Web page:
The judge threw that motion out within an hour.

The second suit claimed we defamed him by publishing what was said in the meeting. In his suit, he claimed he really isn’t a public figure and that the issue we reported about wasn’t of public interest and was just a “private” matter, despite the fact it involved a council discussion and vote.

As I said, nuts.

As I write this, our lawyer is filing a motion to have the defamation suit tossed.

Newspaper reporters are free to write what is said in a public meeting by the participants. And the councilman is certainly a public figure, and the issue he was involved in was a public matter. (He was attempting to have his neighbor cited for what he claimed were city code violations. His fellow councilmembers voted to not pursue the issue, a situation that left him embarrassed at having picked a fight and lost.)

There’s a lot of layers to this situation, but it’s one those of us doing community journalism face all too often. Small-town officials sometimes think they’re above having to follow the rules, and they believe that the local newspaper should be a puff-piece on their behalf and not report controversies.

Even so, few officials actually sue local newspapers for simply covering a meeting. Most recognize that we have a First Amendment right to write what is said in a meeting without having to fear litigation for simply doing our jobs.

It may be that this kind of legal action is a sign of the times. In recent years, “the media” has faced a huge wave of anti-press propaganda from politicians who seek to discredit us. To many Americans, reporters have become “the enemy of the people.”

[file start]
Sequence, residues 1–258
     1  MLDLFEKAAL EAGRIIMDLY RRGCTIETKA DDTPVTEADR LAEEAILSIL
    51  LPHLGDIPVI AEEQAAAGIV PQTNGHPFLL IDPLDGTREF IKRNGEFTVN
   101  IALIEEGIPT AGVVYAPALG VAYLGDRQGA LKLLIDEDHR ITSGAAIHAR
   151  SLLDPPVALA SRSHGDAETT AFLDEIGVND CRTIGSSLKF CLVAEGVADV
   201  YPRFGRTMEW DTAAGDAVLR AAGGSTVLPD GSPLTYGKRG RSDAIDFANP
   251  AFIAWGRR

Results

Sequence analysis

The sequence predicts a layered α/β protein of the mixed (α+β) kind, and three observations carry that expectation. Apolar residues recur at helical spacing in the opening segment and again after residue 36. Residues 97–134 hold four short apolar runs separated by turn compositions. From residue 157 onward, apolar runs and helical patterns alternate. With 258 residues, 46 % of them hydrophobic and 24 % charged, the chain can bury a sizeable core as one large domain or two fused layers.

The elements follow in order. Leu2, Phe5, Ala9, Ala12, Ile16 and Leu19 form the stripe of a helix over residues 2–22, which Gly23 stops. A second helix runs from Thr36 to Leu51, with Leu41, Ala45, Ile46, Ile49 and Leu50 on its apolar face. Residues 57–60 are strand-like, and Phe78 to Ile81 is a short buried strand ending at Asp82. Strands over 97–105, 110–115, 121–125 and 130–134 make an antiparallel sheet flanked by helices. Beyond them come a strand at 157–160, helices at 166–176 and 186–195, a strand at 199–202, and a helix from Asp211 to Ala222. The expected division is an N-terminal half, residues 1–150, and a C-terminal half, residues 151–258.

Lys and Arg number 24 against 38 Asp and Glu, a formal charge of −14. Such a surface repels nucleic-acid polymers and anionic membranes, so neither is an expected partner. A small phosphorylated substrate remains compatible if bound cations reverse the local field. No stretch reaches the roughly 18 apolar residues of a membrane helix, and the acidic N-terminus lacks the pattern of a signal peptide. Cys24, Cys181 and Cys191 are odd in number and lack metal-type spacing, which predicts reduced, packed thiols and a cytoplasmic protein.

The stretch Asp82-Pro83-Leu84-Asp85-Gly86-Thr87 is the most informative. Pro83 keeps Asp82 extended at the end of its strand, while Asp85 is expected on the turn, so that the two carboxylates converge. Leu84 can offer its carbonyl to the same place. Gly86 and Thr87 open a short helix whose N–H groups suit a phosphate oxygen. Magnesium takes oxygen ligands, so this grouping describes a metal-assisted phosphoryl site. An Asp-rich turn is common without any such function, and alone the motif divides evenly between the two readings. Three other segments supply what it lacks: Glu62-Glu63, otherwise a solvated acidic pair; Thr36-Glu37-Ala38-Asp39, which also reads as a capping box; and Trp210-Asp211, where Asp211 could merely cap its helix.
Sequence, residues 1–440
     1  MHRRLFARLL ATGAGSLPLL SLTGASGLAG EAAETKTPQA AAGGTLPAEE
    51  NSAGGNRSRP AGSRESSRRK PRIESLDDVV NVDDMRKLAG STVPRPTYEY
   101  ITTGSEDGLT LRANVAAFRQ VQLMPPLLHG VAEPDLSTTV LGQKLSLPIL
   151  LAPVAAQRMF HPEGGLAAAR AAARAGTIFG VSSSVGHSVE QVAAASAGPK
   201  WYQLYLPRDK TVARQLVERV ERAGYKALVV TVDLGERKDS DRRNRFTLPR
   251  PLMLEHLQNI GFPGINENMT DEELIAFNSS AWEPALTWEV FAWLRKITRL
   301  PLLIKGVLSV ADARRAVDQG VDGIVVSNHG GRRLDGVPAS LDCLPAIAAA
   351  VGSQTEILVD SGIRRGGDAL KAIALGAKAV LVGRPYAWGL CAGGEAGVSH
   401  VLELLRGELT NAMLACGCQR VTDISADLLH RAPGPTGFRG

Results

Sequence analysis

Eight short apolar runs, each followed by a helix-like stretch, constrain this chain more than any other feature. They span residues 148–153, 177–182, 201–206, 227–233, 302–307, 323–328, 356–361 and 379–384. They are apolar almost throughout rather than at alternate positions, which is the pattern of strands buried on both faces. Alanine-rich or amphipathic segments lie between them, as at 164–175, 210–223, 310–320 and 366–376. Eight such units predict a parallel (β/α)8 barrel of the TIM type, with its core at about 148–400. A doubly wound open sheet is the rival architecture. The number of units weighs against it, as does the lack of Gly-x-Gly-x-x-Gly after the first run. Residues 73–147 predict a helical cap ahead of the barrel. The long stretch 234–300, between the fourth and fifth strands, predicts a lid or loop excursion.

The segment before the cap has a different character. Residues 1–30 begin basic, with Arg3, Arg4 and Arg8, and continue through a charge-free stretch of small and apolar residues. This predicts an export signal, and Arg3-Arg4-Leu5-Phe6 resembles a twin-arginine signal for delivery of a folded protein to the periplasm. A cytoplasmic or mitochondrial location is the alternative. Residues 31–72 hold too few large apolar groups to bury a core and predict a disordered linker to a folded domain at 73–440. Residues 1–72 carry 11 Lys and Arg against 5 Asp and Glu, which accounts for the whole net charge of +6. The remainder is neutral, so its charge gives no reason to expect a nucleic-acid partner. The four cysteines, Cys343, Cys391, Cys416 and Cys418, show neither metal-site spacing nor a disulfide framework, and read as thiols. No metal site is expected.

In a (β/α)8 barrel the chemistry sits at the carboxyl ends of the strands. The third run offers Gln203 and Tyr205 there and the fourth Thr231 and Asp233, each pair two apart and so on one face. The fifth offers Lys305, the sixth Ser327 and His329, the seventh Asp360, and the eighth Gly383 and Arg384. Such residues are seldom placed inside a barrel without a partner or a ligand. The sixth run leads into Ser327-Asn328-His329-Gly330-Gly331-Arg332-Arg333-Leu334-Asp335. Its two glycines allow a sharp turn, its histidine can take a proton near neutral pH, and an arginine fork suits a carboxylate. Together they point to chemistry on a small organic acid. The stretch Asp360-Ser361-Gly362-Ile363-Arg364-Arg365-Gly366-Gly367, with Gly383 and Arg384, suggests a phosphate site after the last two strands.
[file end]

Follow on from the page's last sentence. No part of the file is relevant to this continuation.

It’s Orwellian doublespeak where facts are ignored and truth is whatever someone wants to believe.

All is not lost. Some people recognize that what we do with our reporting is important.

Comedian Trevor Noah had this to say at the recent White House Correspondents Dinner: “If you ever begin to doubt your responsibilities, if you ever begin to doubt how meaningful it is, look no further than what’s happening in Ukraine. Look at what’s happening there. Journalists are risking and even losing their lives to show the world what is happening. You realize how amazing it is. In America, you have the right to seek the truth and speak the truth, even if it makes people in power uncomfortable. Even if it makes viewers or readers uncomfortable. You understand how amazing that is?”

Indeed, we do have a unique right to report in this country even if it makes a president, or a city councilman, angry.

We expect the lawsuit against us to be dismissed and hopefully, we can get reimbursed for our legal fees. None of us should have to prove that a city councilman is a public figure, or that reporting what is said in a meeting is protected under the First Amendment.

But I fear that those in public office who hate “the media” will begin using litigation as a battering ram in an effort to cower local newspapers to try and make us back down from reporting controversies.

Our position is to never, ever give an inch when being bullied like this – to always fight back and to let the community know what is happening. In this case, we printed the threatening letters from the councilman’s lawyer, wrote a news story about the situation and penned an editorial in which we said the councilman was a “crybaby councilman” for running to the courts over routine reporting.

- Never, Ever Give An Inch When Being Bullied, by Mike Buffington, Leader-Statesman.com, June 1, 2022.


About the author:

Zhang Xin is Trainer at chinadaily.com.cn. He has been with China Daily since 1988, when he graduated from Beijing Foreign Studies University. Write him at: zhangxin@chinadaily.com.cn, or raise a question for potential use in a future column.

(作者:张欣   编辑:丹妮)


Finger pointing? 公开指责


Jump through a hoop? 赴汤蹈火


Edge of your seat? 兴奋得坐不住


Unequal to the task 不能胜任